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« Arrêt sur Rage: Dora 9.6.06 [FR] | Main | Bestürzende Neubauten 5.6.06 [DE] »

Hitchens, Haditha and Viet Nam

While the murdering of 24 innocent Iraqi civilians by a frustrated Marines Platoon in November 2005, and its failed cover-up, is combated in Washington in the fist place with massive spin ("Weapons of Mass Distraction" as Michael Shaw of Bagnews calls it, and you'll find my post about it here), the Weekly Standard and Christopher Hitchens are having a try at a more demagogic style.

How? Guess once: It is all the fault of the "liberals".

Hitchens in Slate, Monday June 5, 2006:

Why Haditha isn't My Lai.
He explains the differences between Vietnam-1973 and Iraq-2005:
[I]n My Lai the United States was fighting the Vietcong. A recent article about the captured diary of a slain female Vietnamese militant (now a best seller in Vietnam) makes it plain that we were vainly attempting to defeat a peoples' army with a high morale and exalted standards.
Most Americans, and most other people, did not have to wait 33 years to discover, that the South Vietnamese Liberation Army was a people's army. But Hitchens needs a "recent" article about the "captured" diary of a "slain female Vietnamese militant" to learn us, that the whole Vietnam war was a "vain" attempt. Welcome to reality, Christopher! Yes, the whole American Vietnam campaign was a Vanity Affair.

And, between brackets, why has Hitchens suddenly seen the light? Is it,

  • because of the "diary" (Anne Frank), or
  • because of the "female" (Anne Frank again, and Ayaan Hirsi come to mind) , or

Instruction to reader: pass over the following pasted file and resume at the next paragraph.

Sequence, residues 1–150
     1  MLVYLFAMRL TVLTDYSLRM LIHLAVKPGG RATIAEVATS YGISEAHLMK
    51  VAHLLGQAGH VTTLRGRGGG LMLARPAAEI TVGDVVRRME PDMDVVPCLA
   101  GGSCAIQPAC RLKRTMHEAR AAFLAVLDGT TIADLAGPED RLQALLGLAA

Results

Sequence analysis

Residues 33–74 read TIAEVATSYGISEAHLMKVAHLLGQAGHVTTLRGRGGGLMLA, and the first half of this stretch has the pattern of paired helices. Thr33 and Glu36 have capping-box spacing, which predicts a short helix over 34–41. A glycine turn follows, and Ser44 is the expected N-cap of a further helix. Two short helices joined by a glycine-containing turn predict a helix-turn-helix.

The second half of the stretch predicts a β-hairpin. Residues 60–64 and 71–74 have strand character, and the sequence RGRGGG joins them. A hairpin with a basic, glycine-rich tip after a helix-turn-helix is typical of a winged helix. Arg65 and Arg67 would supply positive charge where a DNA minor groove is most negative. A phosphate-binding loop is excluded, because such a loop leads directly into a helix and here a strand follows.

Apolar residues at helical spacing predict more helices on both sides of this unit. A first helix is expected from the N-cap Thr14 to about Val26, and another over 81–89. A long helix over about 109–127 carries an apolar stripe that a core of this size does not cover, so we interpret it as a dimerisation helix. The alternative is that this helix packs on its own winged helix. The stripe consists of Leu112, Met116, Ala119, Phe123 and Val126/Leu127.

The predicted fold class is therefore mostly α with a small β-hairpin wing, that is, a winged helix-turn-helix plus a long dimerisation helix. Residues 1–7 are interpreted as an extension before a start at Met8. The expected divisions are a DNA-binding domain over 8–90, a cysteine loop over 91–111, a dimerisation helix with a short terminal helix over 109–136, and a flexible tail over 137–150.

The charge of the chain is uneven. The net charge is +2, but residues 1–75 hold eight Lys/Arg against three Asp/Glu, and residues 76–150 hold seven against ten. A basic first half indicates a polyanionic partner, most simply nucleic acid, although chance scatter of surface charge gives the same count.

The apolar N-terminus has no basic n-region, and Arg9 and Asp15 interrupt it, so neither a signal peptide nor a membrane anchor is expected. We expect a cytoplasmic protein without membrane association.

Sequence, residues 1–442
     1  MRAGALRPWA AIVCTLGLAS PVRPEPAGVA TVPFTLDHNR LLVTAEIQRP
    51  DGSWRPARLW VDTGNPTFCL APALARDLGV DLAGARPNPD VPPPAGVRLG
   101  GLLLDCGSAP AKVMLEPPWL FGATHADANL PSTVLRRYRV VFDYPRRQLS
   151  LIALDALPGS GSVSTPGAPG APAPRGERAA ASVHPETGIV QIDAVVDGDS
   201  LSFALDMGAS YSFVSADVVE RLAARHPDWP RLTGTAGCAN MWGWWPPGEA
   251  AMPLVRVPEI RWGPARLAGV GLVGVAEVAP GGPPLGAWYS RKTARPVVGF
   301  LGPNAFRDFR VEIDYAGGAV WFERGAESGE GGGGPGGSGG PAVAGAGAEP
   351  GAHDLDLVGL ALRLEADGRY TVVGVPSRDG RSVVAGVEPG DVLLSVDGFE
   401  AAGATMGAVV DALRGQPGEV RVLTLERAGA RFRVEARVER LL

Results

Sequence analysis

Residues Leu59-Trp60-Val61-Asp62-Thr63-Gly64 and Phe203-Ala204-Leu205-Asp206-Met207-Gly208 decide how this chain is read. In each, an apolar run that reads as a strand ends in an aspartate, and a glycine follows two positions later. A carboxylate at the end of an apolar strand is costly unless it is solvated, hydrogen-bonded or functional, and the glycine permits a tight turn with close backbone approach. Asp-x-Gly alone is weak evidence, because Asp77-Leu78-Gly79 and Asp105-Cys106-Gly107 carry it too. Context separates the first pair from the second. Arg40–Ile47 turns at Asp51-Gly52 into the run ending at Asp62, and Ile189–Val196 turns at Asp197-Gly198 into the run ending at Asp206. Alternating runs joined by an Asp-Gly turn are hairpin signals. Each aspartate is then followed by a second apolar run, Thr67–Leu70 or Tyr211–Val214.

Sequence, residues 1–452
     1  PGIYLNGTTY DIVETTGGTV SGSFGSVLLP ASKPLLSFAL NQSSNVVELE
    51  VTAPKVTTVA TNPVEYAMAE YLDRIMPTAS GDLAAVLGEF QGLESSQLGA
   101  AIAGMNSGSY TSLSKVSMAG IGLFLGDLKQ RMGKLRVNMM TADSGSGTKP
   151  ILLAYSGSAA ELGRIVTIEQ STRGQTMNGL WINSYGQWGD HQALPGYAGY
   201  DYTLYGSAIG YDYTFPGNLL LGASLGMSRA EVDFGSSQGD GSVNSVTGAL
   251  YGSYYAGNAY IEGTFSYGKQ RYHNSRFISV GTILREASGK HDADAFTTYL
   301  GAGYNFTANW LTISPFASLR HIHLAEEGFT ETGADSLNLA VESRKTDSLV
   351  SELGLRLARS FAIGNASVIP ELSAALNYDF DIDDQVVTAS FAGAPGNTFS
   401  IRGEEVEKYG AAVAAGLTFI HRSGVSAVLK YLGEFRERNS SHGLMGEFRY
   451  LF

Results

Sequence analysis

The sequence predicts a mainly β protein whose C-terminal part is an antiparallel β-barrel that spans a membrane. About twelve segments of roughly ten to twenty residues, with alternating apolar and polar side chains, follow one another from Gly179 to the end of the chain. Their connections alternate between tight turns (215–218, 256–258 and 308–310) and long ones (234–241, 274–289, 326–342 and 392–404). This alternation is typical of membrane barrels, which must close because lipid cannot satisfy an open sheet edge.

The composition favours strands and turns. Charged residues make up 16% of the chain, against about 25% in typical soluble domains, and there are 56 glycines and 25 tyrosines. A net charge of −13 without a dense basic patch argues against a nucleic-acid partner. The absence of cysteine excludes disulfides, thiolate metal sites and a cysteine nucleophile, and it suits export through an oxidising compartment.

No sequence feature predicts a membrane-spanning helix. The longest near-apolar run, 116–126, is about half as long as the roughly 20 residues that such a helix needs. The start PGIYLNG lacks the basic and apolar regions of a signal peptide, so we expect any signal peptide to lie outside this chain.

• because of the "slain" (Anne Frank anew, for dead people are more credible; and, slain by whom? Some rampaging marines again?), or
  • is it because of the "bestseller" status of the diary?
- Anyhow, suddenly the South Vietnamese rebels (against an elected South Vietnamese government!) get a consecration of holiness from Hitchie.

Why? Listen:

I, for one, will not have them [the South Vietnamese "Vietcong", HR] insulted by any comparison to the forces of Zarqawi, the Fedayeen Saddam, and the criminal underworld now arrayed against us.
Hitchens needs a rosy image of the Vietcong, in order to mix up the Iraqi popular resistance against the US occupation and the US-controlled government, with extremist and racist Zarqawi and nostaligics of Saddam. Both are, if we may believe serious observers, but tiny fringes within the resistance. But this is, what colonial powers always do, when confronted with popular resistance: They complain that they are unjustly attacked by "criminals", "terrorists" and "underworld". That is, what Johnson and Nixon would have wanted the world opinion to believe about the Vietcong during the sixties and the seventies.

Hitchens: The American military in Iraq are not like the former British...:

... unwanted colonial occupiers in Burma, [no:] the coalition forces are—until further notice—the guests of Iraq's first-ever elected government and the executors of a U.N.-mandated plan for the salvage and reconstruction of the country.
Back to Vietnam in the sixties/seventies. What were the Americans and their partners then? There was a "first-ever elected South-Vietnamese democratic government", that had "invited" the US. The Vietcong were "stooges" and "criminals".

Will we have to wait another 33 years, before Hitchens or his successors will discover, that most popular resistance in Iraq comes from people "with a high morale and exalted standards", and that the "democratically elected government" does not represent much more than itself?

How many "female militants" have to be "slain" and their diaries "captured"?

  • As usual, Sonic's "Hitchens Watch" deals with most other lies and anomalies in this Hitchens article. See: "Justifying Slaughter".

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